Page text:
Arguably the most interesting film of all is the third one that deals with the ever popular story of Countess Elisabeth Bathory. I must admit when I saw the fact that this story was based on that of Elisabeth Bathory I rather did groan (though not in religious ecstasy and auto-eroticised sexual zeal). It’s such an obvious subject and I suppose the whole taboo of bloodlust and etc. could well have being investigated via some other subject. But it seems that this story is based on one by a surrealist poet by the name of Valentine Penrose, so again maybe this is meant to reinforce the idea that this is surrealist. Anybody looking for maximum nudity in the film will find it within this story, considering Countess Bathory manages to kidnap a considerable number of young women, who spend most time wearing a dearth of clothing. If anything I must admit it’s probably the sets that are the most interesting piece in this story, there is something slightly odd about them, feeling both very modern and slightly Gothic. Also it somehow manages to generate a curious air of menace. Part of this seems to be created unusually, because the Countess has a partner in crime who seems to be slightly androgynous and also aloof, and for much of the story you’re unsettled by them, because this character, Istvan, seems to be both interested and distant in everything that is going on. She seems to observe as much as she does act, and when she does act it is quite decisively. I’d almost argue that what disturbed me most about this story’s wasn’t the cavalcade of rather unnecessary nudity but the fact that you felt that there might actually be a good story in here, a good film lurking somewhere beneath the surface if only the director would get away from his fascination with softcore pornography. Also the fact that the Countess played by Paloma Picasso is actually very well cast, she does have something quite authoritarian about her, she also comes across as both sensual and a disciplinarian. There is something’s difficult to pin down, just as there is with Istvan. It’s frustrating when you see talent sublimated by pointless gratuitousness. If anything this makes me think of the song in The Threepenny Opera, The Ballad of Sexual Obsession that relates how a great many intelligent and talented man have lost all of their faculties due to their obsession with prostitutes, because this seems to be where the director’s ambition and skill has been lost in his desire to be surrounded by a lot of nubile naked young women.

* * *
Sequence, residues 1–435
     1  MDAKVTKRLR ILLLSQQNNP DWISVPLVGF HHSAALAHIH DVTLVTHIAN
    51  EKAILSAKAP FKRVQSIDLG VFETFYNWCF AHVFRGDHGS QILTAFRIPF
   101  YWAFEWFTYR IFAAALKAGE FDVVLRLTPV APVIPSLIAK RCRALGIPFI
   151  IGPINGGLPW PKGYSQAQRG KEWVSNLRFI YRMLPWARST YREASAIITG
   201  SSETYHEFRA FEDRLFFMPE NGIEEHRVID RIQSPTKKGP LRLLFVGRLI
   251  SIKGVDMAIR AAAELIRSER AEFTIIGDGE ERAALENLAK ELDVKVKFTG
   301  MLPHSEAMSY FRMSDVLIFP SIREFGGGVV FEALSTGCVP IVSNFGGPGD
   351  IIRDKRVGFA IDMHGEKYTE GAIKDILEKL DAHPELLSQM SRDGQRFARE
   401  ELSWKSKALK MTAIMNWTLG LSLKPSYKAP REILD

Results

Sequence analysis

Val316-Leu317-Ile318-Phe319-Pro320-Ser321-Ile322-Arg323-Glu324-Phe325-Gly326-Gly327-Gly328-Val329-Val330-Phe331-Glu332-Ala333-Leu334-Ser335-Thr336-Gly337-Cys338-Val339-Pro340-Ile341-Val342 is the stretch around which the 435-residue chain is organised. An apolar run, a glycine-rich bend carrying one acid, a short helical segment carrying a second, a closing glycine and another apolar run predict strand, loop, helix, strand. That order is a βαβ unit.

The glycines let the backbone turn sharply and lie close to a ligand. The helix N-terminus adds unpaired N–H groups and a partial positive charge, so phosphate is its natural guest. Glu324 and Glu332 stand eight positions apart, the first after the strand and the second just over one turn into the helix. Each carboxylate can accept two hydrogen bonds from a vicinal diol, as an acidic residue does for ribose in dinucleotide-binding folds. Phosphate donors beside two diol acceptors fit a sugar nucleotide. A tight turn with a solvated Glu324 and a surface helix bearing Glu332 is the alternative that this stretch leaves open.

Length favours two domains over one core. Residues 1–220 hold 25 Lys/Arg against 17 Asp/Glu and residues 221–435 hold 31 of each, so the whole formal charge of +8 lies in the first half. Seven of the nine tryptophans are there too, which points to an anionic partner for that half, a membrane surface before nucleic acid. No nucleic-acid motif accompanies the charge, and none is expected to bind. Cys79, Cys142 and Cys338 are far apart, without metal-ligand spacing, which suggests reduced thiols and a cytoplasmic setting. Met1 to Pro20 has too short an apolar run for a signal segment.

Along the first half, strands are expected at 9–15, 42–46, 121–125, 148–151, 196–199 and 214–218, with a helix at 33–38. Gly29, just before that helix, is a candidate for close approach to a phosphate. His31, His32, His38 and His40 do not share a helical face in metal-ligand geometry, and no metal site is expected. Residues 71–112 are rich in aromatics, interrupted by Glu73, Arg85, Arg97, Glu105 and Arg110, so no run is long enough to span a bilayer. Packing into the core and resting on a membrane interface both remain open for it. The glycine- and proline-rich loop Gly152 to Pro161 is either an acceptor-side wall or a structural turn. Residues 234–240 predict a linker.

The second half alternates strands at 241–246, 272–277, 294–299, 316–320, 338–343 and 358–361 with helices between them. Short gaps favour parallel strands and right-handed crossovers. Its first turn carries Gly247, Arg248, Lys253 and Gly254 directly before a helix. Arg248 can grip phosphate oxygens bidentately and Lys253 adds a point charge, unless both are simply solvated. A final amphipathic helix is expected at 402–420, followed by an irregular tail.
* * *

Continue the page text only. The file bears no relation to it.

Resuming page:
So I have to say that this particular story is not necessarily dark, because sometimes it can be quite ferocious, it can be quite genuinely disturbing, but as I say it’s frustrating because you are hoping for the film to escape its excesses but it simply cannot. Hey Ho, a least it’s not dull in this instance anyway.